az aks create \
    --resource-group myResourceGroup \
    --name myAKSCluster \
    --node-count 1 \
    --network-plugin azure \
    --service-cidr 10.0.0.0/16 \
    --dns-service-ip 10.0.0.10 \
    --docker-bridge-address 172.17.0.1/16 \
    --vnet-subnet-id <subnetId> \
    --service-principal <appId> \
    --client-secret <password>

After several minutes, the command completes and returns JSON-formatted information about the cluster.

Enable virtual nodes addon

To enable virtual nodes, now use the az aks enable-addons command. The following example uses the subnet named myVirtualNodeSubnet created in a previous step:

az aks enable-addons \
    --resource-group myResourceGroup \
    --name myAKSCluster \
    --addons virtual-node \
    --subnet-name myVirtualNodeSubnet

Connect to the cluster

To configure kubectl to connect to your Kubernetes cluster, use the az aks get-credentials command. This step downloads credentials and configures the Kubernetes CLI to use them.

az aks get-credentials --resource-group myResourceGroup --name myAKSCluster

To verify the connection to your cluster, use the kubectl get command to return a list of the cluster nodes.

kubectl get nodes

The following example output shows the single VM node created and then the virtual node for Linux, virtual-node-aci-linux:

$ kubectl get nodes

NAME                          STATUS    ROLES     AGE       VERSION
virtual-node-aci-linux        Ready     agent     28m       v1.11.2
aks-agentpool-14693408-0      Ready     agent     32m       v1.11.2

Deploy a sample app

Create a file named virtual-node.yaml and copy in the following YAML. To schedule the container on the node, a nodeSelector and toleration are defined.

apiVersion: apps/v1
kind: Deployment
metadata:
  name: aci-helloworld
spec:
  replicas: 1
  selector:
    matchLabels:
      app: aci-helloworld
  template:
    metadata:
      labels:
        app: aci-helloworld
    spec:
      containers:
      - name: aci-helloworld
        image: microsoft/aci-helloworld
        ports:
        - containerPort: 80
      nodeSelector:
        kubernetes.io/role: agent
        beta.kubernetes.io/os: linux
        type: virtual-kubelet
      tolerations:
      - key: virtual-kubelet.io/provider
        operator: Exists
      - key: azure.com/aci
        effect: NoSchedule

Run the application with the kubectl apply command.

kubectl apply -f virtual-node.yaml

Use the kubectl get pods command with the -o wide argument to output a list of pods and the scheduled node. Notice that the aci-helloworld pod has been scheduled on the virtual-node-aci-linux node.

$ kubectl get pods -o wide

NAME                            READY     STATUS    RESTARTS   AGE       IP           NODE
aci-helloworld-9b55975f-bnmfl   1/1       Running   0          4m        10.241.0.4   virtual-node-aci-linux

The pod is assigned an internal IP address from the Azure virtual network subnet delegated for use with virtual nodes.

Note

If you use images stored in Azure Container Registry, configure and use a Kubernetes secret. A current limitation of virtual nodes is that you can't use integrated Azure AD service principal authentication. If you don't use a secret, pods scheduled on virtual nodes fail to start and report the error HTTP response status code 400 error code "InaccessibleImage".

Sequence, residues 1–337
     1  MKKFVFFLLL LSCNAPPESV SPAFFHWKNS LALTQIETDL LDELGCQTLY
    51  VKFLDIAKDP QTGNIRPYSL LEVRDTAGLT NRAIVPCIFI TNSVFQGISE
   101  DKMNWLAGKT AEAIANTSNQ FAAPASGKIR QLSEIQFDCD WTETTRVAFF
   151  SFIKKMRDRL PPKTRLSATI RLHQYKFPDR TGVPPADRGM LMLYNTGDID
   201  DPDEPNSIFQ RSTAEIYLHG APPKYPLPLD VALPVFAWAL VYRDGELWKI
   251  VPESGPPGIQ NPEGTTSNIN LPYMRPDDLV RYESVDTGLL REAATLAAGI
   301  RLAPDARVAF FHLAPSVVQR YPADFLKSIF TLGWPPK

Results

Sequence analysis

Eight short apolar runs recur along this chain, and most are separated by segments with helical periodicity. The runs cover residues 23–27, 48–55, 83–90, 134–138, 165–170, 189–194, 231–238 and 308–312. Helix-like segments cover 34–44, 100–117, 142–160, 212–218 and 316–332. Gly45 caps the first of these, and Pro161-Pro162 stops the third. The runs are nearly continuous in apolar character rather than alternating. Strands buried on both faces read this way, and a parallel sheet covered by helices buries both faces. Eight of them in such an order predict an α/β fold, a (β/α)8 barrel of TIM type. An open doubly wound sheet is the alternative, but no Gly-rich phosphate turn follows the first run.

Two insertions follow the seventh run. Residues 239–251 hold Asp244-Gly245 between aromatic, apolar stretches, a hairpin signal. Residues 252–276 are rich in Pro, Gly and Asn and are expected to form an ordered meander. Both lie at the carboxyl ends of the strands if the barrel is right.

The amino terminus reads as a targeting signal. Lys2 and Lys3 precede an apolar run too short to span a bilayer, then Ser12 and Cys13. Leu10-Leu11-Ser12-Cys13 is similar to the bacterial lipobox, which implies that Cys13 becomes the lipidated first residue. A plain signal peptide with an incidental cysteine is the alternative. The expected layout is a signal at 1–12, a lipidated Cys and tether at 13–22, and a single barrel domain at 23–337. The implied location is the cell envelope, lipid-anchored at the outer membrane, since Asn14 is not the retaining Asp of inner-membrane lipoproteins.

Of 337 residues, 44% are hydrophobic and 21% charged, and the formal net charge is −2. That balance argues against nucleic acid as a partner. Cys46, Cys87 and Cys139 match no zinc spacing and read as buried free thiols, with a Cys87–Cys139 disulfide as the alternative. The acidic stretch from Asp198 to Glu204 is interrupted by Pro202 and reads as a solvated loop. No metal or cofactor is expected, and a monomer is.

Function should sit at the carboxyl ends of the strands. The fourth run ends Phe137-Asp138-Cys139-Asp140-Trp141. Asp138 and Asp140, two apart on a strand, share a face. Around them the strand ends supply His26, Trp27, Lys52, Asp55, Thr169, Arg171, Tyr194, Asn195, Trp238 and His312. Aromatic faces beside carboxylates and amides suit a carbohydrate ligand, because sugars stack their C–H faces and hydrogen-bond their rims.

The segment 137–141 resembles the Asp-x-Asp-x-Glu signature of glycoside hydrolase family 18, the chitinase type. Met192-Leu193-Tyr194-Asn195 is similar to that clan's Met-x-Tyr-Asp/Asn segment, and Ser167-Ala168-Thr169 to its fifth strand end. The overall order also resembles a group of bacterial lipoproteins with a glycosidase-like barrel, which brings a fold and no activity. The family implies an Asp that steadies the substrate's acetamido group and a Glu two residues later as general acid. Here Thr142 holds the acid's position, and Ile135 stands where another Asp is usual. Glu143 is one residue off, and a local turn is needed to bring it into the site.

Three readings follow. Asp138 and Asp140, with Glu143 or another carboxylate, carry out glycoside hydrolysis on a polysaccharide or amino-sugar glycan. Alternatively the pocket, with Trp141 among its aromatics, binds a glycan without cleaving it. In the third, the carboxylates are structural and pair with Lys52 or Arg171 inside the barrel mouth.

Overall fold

Test the virtual node pod

To test the pod running on the virtual node, browse to the demo application with a web client. As the pod is assigned an internal IP address, you can quickly test this connectivity from another pod on the AKS cluster. Create a test pod and attach a terminal session to it:

kubectl run -it --rm virtual-node-test --image=debian

Install curl in the pod using apt-get:

apt-get update && apt-get install -y curl

Now access the address of your pod using curl, such as http://10.241.0.4. Provide your own internal IP address shown in the previous kubectl get pods command:

curl -L http://10.241.0.4

The demo application is displayed, as shown in the following condensed example output:

$ curl -L 10.241.0.4

<html>
<head>
  <title>Welcome to Azure Container Instances!</title>
</head>
[...]

Close the terminal session to your test pod with exit. When your session is ended, the pod is the deleted.

Remove virtual nodes

If you no longer wish to use virtual nodes, you can disable them using the az aks disable-addons command.

First, delete the helloworld pod running on the virtual node:

kubectl delete -f virtual-node.yaml

The following example command disables the Linux virtual nodes:

az aks disable-addons --resource-group myResourceGroup --name myAKSCluster --addons virtual-node

Now, remove the virtual network resources and resource group:

# Change the name of your resource group, cluster and network resources as needed
RES_GROUP=myResourceGroup
AKS_CLUSTER=myAKScluster
AKS_VNET=myVnet
AKS_SUBNET=myVirtualNodeSubnet

# Get AKS node resource group
NODE_RES_GROUP=$(az aks show --resource-group $RES_GROUP --name $AKS_CLUSTER --query nodeResourceGroup --output tsv)

# Get network profile ID
NETWORK_PROFILE_ID=$(az network profile list --resource-group $NODE_RES_GROUP --query [0].id --output tsv)

# Delete the network profile
az network profile delete --id $NETWORK_PROFILE_ID -y

# Get the service association link (SAL) ID
SAL_ID=$(az network vnet subnet show --resource-group $RES_GROUP --vnet-name $AKS_VNET --name $AKS_SUBNET --query id --output tsv)/providers/Microsoft.ContainerInstance/serviceAssociationLinks/default

# Delete the default SAL ID for the subnet
az resource delete --ids $SAL_ID --api-version 2018-07-01

# Delete the subnet delegation to Azure Container Instances
az network vnet subnet update --resource-group $RES_GROUP --vnet-name $AKS_VNET --name $AKS_SUBNET --remove delegations 0

Next steps

In this article, a pod was scheduled on the virtual node and assigned a private, internal IP address. You could instead create a service deployment and route traffic to your pod through a load balancer or ingress controller. For more information, see Create a basic ingress controller in AKS.

Virtual nodes are often one component of a scaling solution in AKS. For more information on scaling solutions, see the following articles: